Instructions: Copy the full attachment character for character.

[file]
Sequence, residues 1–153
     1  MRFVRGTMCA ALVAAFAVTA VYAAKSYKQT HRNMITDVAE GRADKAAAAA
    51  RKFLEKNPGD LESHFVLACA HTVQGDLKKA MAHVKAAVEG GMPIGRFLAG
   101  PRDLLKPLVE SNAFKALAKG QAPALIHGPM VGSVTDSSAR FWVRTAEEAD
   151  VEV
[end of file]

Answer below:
Sequence, residues 1–153
     1  MRFVRGTMCA ALVAAFAVTA VYAAKSYKQT HRNMITDVAE GRADKAAAAA
    51  RKFLEKNPGD LESHFVLACA HTVQGDLKKA MAHVKAAVEG GMPIGRFLAG
   101  PRDLLKPLVE SNAFKALAKG QAPALIHGPM VGSVTDSSAR FWVRTAEEAD
   151  VEV